Quality of life measures in Islamic rectal carcinoma patients receiving counselling.
ABSTRACT This prospective study was conducted to compare changes in the health-related quality of life (HRQoL) and religious practices of patients who underwent surgery for rectal cancer.
We prospectively followed 93 Muslim patients after surgery for colorectal carcinoma: abdominoperineal excision (APE, n = 50), sphincter-saving resection (LAR, n = 22) or anterior resection including sigmoid colectomy (AR, n = 1). The HRQoL was measured pre- and postoperatively at 15-18 months with the Medical Outcomes Study Short Form 36 Health Survey (SF-36) and a modified version of the American Society of Colorectal Surgeons (ASCRS) Fecal Incontinence questionnaire. Life standards, including religious practice, were measured using the Ankara University Life Standard Questionnaire.
No difference was detected in any SF-36 Health Survey HRQoL domain among the groups, although there were differences within groups before and after surgery. The ASCRS Fecal Incontinence questionnaire scales of lifestyle, coping/behaviour and depression/self-perception were similar in the APE and AR groups and were significantly worse than in the AR group (P ≤ 0.004). The embarrassment scale was worse in the APE than in the LAR and AR groups (P < 0.001). Religious worship (praying alone, praying in mosques, fasting during Ramadan and purifying alms) was not significantly different among the groups.
HRQoL measured by the SF-36 questionnaire and religious practices were not significantly different after APE compared with AR. Ostomy support and pre- and postoperative health-related and religious counselling may have had beneficial effects.
- SourceAvailable from: ncbi.nlm.nih.govBritish medical journal 09/1971; 3(5771):413-8.
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ABSTRACT: The quality of life for patients with carcinoma of the lower two-thirds of the rectum (5-12 cm from the anal verge) treated by abdominoperineal resection (APER, n = 38) was compared with that of a similar group of patients treated by low sphincter saving resection (SSR, n = 40). Assessment was by questionnaire conducted a minimum of one year after operation. Thirty patients (75 per cent) after SSR were entirely continent and ten patients (25 per cent) had occasional episodes of incontinence. Each patient with a colostomy was incontinent and 25 (66 per cent) had leaks from their appliance (12 frequent; 13 occasional). Patients after APER avoided more items in the diet and took more medication to control their bowel habit than patients after SSR. Fifteen of the 18 patients (83 per cent) who were employed before SSR returned to work after operation; only 6 of 15 patients (40 per cent) returned to work after APER (P less than 0.05). Sexual function was impaired in 6 of 20 men (30 per cent) after SSR and in 12 of 18 men (67 per cent) after APER (P less than 0.06). Depression was significantly more prevalent after APER than after SSR. Patients with low rectal cancer who are treated by modern sphincter saving resection have a quality of life superior to those who are treated by APER.British Journal of Surgery 09/1983; 70(8):460-2. · 4.84 Impact Factor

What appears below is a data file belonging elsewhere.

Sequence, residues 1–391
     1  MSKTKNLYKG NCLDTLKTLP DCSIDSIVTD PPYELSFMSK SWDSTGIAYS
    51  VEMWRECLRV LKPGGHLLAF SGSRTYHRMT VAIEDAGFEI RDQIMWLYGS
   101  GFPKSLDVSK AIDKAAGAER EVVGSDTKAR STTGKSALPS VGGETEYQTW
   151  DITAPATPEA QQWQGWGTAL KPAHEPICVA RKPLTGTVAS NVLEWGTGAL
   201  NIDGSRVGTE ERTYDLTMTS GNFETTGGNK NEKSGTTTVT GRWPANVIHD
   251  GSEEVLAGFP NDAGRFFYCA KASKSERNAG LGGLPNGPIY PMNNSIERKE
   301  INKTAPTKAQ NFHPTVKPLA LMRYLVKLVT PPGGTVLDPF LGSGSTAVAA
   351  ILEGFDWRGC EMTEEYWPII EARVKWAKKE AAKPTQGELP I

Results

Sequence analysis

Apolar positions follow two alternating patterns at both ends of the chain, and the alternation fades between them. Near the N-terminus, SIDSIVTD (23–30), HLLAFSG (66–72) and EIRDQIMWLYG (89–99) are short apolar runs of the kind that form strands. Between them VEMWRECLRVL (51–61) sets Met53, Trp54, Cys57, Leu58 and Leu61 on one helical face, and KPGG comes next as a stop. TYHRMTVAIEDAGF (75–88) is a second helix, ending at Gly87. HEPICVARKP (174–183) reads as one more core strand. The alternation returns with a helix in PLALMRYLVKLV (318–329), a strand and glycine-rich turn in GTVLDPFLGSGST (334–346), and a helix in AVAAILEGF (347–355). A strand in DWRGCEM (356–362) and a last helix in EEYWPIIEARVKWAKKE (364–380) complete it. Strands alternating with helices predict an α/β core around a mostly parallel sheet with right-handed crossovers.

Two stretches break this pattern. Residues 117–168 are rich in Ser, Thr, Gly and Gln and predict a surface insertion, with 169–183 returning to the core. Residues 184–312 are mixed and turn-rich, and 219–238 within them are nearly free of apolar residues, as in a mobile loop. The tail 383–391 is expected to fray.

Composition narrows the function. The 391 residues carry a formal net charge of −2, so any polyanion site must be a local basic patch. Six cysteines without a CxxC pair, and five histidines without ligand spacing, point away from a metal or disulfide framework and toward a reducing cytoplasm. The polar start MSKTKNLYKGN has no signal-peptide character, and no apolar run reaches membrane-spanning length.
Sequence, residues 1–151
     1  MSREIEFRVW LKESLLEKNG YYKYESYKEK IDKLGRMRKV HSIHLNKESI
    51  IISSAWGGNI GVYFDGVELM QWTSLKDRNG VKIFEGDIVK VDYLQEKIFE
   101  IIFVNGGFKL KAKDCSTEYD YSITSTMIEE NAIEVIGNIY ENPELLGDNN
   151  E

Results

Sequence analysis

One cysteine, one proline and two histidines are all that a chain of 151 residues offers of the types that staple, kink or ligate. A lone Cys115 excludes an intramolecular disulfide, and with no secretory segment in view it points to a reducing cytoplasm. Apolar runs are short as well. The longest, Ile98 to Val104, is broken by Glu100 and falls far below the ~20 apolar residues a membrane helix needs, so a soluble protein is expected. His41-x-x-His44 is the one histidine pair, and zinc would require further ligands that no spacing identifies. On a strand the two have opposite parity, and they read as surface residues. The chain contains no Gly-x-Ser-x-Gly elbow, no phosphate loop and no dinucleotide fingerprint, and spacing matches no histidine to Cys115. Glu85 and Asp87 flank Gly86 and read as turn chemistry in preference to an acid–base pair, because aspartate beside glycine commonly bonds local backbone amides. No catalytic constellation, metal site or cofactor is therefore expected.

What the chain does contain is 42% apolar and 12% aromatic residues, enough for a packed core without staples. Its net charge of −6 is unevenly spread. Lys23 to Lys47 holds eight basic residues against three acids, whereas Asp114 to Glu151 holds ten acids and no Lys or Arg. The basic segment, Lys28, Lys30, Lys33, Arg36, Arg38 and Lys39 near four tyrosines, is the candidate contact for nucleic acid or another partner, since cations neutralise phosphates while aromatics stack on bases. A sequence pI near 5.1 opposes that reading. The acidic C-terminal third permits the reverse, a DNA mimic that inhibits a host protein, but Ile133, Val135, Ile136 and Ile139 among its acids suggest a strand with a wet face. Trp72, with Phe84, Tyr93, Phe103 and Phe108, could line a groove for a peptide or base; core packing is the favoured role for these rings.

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ABSTRACT: The bowel and sexual function of colorectal cancer patients undergoing either sphincter-saving or sphincter-sacrificing surgical procedures may be impaired. A legitimate question is how these different surgical techniques affect the patients' quality of life. Seventeen studies were identified that compared at least one of four aspects of patient functioning (i.e., physical, psychologic, social, and sexual) between stoma patients and nonstoma patients. Although the literature does not yield entirely consistent findings, some long-term effects of surgery can be identified: 1) both patient groups are troubled by frequent or irregular bowel movements and diarrhea; 2) stoma patients report higher levels of psychologic distress than do nonstoma patients; 3) although both stoma patients and nonstoma patients report restrictions in their level of social functioning, such problems are more prevalent among patients with a colostomy; 4) sexual functioning of male and female stoma patients is consistently more impaired than that of male and female patients with intact sphincters. Results of the current review were compared with those of other, related areas. Although nonstoma patients generally fare better than do stoma patients, they also suffer from physical impairments induced by sphincter-saving procedures (e.g., impaired bowel and sexual function). These impairments may become more prevalent as ultralow anastomosis is more frequently applied, resulting in bowel and sexual dysfunction and related psychologic distress. Well-designed studies are needed that examine whether quality-of-life benefits are to be gained by use of ultralow anastomosis compared with colostomy.Diseases of the Colon & Rectum 05/1995; 38(4):361-9. · 3.34 Impact Factor